Patrick Cockburn
13 Years of War: Mosul’s Frightening and Uncertain Future
Rob Urie
Name the Dangerous Candidate
Pepe Escobar
The Aleppo / Mosul Riddle
David Rosen
The War on Drugs is a Racket
Sami Siegelbaum
Once More, the Value of the Humanities
Cathy Breen
“Today Is One of the Heaviest Days of My Life”
Neve Gordon
Israel’s Boycott Hypocrisy
Mark Hand
Of Pipelines and Protest Pens: When the Press Loses Its Shield
Victor Wallis
On the Stealing of U.S. Elections
Brian Cloughley
Drumbeats of Anti-Russia Confrontation From Washington to London
Michael Hudson
The Return of the Repressed Critique of Rentiers: Veblen in the 21st century Rentier Capitalism
Howard Lisnoff
Still Licking Our Wounds and Hoping for Change
Brian Gruber
Iraq: There Is No State
Peter Lee
Trump: We Wish the Problem Was Fascism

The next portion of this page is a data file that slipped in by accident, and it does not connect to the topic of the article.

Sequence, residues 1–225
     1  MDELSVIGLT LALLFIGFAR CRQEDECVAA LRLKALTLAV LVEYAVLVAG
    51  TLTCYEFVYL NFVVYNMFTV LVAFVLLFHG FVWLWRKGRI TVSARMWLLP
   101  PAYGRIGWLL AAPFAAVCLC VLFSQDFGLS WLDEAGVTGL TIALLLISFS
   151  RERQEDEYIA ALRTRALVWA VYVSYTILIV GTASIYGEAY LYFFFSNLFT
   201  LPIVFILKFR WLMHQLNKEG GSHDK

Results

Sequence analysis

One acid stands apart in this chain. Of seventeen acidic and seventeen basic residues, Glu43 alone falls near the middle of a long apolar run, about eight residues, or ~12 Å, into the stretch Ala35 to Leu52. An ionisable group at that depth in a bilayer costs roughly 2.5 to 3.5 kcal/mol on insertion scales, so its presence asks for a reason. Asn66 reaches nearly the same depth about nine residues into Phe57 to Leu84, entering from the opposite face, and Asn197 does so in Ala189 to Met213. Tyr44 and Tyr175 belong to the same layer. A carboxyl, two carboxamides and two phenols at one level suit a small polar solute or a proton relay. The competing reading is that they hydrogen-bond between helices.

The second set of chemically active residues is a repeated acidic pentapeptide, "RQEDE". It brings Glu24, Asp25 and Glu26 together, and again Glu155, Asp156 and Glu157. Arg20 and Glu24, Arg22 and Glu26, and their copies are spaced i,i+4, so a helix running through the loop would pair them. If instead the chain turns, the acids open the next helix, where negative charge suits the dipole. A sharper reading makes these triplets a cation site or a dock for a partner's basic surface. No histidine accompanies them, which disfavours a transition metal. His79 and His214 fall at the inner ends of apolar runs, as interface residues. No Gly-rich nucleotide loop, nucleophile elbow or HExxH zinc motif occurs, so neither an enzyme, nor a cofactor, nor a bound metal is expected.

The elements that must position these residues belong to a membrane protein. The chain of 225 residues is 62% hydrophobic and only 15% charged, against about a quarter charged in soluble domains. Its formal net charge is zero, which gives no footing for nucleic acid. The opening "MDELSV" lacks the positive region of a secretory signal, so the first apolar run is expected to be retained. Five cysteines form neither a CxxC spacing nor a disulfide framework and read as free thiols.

Stanley L. Cohen
Equality and Justice for All, It Seems, But Palestinians
Steve Early
In Bay Area Refinery Town: Berniecrats & Clintonites Clash Over Rent Control
Kristine Mattis
All Solutions are Inadequate: Why It Doesn’t Matter If Politicians Mention Climate Change
Peter Linebaugh
Ron Suny and the Marxist Commune: a Note
Andre Vltchek
Sudan, Africa and the Mosaic of Horrors
Keith Binkly
The Russians Have Been Hacking Us For Years, Why Is It a Crisis Now?
Jonathan Cook
Adam Curtis: Another Manager of Perceptions
Ted Dace
The Fall
Sheldon Richman
Come and See the Anarchy Inherent in the System
Susana Hurlich
Hurricane Matthew: an Overview of the Damages in Cuba
Dave Lindorff
Screwing With and Screwing the Elderly and Disabled
Chandra Muzaffar
Cuba: Rejecting Sanctions, Sending a Message
Dennis Kucinich
War or Peace?
Joseph Natoli
Seething Anger in the Post-2016 Election Season
Jack Rasmus
Behind The 3rd US Presidential Debate—What’s Coming in 2017
Ron Jacobs
A Theory of Despair?